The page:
Laroe responds that courts have held that so long as the initial plaintiff has Article III standing, potential intervenors asserting identical claims and seeking identical relief are generally allowed to intervene because the claim has already been deemed justiciable through the initial plaintiff’s standing. Laroe maintains that such a proposed intervention does not alter or extend litigation because the course of the litigation can be tied back to the actions of the initial plaintiff. Further, Laroe argues that the requirements of Rule 24 and Article III are separate, and that Rule 24 has no specific standing requirement. .
DOES FRCP 24 PROVIDE SPECIFIC STANDING REQUIREMENTS?
The Town of Chester argues that even if there is no constitutional requirement for an intervening party to establish Article III standing, Rule 24 requires such a showing. Pointing to the wording of Rule 24 and Supreme Court precedent, the Town contends that the Rule imports the standing requirements of Article III. In fact, the Town argues that the standing tests from Article III and Rule 24 are so similar that lower courts have often found them to be substantially the same. The Town notes that this is a sensible outcome, because an intervening party is given the same rights as the initial parties, and thus should be held to the same requirements.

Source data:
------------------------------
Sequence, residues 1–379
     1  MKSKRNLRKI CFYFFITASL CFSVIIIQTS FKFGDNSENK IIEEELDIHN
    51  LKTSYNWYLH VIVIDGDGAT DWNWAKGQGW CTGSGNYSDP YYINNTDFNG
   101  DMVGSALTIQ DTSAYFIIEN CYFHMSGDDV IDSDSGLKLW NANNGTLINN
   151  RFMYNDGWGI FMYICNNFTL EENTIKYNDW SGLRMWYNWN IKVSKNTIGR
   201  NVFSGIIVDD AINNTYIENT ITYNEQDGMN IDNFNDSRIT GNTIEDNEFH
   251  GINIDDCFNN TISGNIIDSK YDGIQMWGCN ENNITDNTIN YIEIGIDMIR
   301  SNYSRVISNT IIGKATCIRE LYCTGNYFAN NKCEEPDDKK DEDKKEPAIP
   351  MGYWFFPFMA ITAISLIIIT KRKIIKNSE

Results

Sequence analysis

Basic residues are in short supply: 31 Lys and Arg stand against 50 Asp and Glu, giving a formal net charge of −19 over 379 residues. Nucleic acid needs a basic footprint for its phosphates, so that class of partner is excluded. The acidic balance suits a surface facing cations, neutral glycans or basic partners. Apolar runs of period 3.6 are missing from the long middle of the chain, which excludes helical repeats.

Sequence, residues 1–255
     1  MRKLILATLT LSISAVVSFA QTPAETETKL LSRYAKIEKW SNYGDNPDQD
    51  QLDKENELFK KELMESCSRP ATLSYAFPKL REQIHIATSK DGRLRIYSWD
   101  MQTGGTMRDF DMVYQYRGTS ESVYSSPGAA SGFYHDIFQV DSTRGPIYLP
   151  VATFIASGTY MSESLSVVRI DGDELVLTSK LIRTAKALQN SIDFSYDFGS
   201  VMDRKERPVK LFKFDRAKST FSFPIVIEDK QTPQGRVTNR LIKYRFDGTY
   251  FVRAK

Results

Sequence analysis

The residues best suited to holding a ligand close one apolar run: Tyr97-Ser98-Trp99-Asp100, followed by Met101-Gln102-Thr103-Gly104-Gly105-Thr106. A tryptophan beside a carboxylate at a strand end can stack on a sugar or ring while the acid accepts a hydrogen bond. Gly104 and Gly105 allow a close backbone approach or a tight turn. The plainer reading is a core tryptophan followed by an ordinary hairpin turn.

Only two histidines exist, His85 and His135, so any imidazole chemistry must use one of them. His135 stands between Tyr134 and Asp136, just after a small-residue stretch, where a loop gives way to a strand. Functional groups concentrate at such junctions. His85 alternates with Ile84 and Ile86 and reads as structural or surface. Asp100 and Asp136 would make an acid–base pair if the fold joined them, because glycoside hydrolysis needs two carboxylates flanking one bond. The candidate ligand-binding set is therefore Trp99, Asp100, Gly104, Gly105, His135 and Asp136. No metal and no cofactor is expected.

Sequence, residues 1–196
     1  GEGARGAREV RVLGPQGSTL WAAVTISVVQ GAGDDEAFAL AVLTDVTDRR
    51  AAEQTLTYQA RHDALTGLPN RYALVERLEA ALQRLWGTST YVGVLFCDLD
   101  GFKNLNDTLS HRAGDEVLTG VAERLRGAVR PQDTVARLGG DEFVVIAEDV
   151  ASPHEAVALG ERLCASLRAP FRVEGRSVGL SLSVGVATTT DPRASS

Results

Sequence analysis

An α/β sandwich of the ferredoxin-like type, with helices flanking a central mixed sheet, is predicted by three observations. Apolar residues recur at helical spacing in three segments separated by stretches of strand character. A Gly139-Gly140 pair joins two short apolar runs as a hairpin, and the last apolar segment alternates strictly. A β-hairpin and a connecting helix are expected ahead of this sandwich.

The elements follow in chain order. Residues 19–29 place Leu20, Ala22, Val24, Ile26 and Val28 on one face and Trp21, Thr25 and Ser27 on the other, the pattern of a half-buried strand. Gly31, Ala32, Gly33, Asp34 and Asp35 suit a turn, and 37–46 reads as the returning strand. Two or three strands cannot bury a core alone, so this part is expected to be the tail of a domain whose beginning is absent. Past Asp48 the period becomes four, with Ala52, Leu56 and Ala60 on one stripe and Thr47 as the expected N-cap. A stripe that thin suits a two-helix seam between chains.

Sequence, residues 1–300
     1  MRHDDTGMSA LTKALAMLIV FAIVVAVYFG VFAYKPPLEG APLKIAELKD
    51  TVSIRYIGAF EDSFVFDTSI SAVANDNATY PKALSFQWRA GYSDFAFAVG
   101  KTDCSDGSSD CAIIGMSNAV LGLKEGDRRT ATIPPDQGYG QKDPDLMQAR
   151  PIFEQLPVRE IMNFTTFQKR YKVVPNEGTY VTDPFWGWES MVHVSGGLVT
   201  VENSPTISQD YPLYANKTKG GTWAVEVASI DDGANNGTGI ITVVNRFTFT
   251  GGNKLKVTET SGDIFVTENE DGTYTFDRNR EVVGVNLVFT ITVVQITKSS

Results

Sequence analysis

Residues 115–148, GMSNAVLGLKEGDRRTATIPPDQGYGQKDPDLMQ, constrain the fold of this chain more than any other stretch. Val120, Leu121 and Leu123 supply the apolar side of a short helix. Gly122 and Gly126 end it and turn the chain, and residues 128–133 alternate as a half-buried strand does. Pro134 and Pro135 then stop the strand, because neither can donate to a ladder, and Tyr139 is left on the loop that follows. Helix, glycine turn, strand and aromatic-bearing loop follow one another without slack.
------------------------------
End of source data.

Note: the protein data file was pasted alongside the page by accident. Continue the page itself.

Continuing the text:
Laroe responds that Rule 24 does not incorporate Article III’s requirement. Laroe maintains that Rule 24 does not include many of the specific standing requirements from Article III and uses language that is much less strict. Laroe notes that the Article III standing requirements of traceability and redressability are noticeably absent from Rule 24. Laroe argues that Rule 24 is designed to allow parties whose rights are potentially affected by an existing case or controversy to have a say in the adjudication of that case of controversy. Further, Laroe contends that its reading of Rule 24 is supported by the Rule’s goal of judicial efficiency.
DOES LAROE HAVE STANDING?
The Town of Chester argues that Laroe does not have standing. Further, it notes that both parties agree that the question of whether Laroe has standing is not properly before the Supreme Court.